The beginnings of Ginling College date back to 1912, a time when most Chinese women wanting any education beyond high school had no option but to seek that education outside of their country. Women representing eight Chinese girls' schools appealed to American mission boards for assistance in founding a women's college in the Yangtze Valley. Five of the boards, including the Board of Foreign Missions (PCUSA), responded with pledges of $10,000 for buildings and equipment and the support of a representative on the teaching staff. Three people from each board were elected to the Board of Control of Ginling College. In 1916, Smith College pledged $1,000 annually, thus developing an unofficial sister relationship to Ginling.
The Board of Control elected Matilda Thurston president of the new college in 1913, formally adopted the name Ginling College in 1914, and opened its doors to its first class in 1915. Thirteen students registered that year and were taught by four Chinese and four American faculty members.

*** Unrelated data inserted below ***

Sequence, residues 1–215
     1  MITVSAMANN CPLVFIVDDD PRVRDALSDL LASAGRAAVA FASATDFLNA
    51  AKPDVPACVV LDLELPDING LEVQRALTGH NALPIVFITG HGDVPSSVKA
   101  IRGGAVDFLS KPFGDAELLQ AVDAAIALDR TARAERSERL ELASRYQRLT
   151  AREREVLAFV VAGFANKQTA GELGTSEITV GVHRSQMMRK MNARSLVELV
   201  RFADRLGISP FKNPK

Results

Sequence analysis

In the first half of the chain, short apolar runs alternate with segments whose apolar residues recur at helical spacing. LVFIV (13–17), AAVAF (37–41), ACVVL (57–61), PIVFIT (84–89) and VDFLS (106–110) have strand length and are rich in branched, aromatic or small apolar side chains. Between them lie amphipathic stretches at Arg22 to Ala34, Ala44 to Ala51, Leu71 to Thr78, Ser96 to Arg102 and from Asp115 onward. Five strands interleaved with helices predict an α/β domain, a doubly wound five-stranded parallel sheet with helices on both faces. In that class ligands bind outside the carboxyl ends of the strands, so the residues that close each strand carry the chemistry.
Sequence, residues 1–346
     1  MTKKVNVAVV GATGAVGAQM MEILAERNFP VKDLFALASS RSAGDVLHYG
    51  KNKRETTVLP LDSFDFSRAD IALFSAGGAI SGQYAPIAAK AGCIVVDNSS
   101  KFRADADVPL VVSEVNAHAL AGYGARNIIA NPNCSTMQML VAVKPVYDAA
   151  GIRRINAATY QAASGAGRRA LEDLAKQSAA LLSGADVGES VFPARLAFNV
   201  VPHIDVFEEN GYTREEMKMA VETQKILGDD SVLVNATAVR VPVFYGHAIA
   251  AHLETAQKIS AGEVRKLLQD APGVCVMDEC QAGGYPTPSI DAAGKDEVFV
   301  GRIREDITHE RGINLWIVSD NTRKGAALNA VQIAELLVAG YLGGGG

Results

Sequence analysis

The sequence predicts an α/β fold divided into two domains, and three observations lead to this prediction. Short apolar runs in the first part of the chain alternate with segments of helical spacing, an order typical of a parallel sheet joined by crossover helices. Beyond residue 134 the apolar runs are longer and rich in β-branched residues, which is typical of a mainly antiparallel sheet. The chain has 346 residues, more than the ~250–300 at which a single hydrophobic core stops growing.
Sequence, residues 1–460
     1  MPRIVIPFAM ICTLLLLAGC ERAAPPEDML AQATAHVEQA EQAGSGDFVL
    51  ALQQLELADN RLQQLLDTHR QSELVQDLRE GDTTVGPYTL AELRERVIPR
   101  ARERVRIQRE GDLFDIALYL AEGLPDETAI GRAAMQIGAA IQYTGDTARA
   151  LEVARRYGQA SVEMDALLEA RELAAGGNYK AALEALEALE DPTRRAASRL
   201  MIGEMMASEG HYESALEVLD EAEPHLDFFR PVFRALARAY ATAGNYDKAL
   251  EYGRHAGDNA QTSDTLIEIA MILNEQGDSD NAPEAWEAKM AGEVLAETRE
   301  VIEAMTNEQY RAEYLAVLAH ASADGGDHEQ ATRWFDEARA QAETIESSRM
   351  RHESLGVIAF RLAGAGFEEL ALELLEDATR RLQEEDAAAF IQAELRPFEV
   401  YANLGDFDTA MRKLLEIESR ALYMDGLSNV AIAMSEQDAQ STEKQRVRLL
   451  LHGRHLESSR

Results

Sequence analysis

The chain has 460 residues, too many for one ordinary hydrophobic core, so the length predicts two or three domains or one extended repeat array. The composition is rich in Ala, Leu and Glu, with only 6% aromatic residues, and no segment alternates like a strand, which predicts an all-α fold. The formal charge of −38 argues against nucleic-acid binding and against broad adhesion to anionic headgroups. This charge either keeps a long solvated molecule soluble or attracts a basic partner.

By 1928 Ginling had 97 students, 22 faculty members, and a full administrative staff. Dr. Thurston retired from the presidency at the end of this year; Dr. Yih-Fang Wu succeeded her.
The Sino-Japanese War and World War II interrupted the course of life at Ginling. The students and faculty members, determined not to give up their work, found temporary places at other schools. Many also worked as volunteers with refugees and wounded soldiers. The Japanese took over the Ginling campus in 1942 and the administration was unable to retake it until late 1945. Rehabilitation work began immediately, and 332 students were enrolled in 1946. In 1951, Ginling College was combined with the University of Nanking to form the National Ginling University.